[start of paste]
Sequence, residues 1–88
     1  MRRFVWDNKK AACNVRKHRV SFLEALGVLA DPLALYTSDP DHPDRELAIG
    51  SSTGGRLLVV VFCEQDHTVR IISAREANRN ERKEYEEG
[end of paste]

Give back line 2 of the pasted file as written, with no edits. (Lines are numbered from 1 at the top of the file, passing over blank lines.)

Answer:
     1  MRRFVWDNKK AACNVRKHRV SFLEALGVLA DPLALYTSDP DHPDRELAIG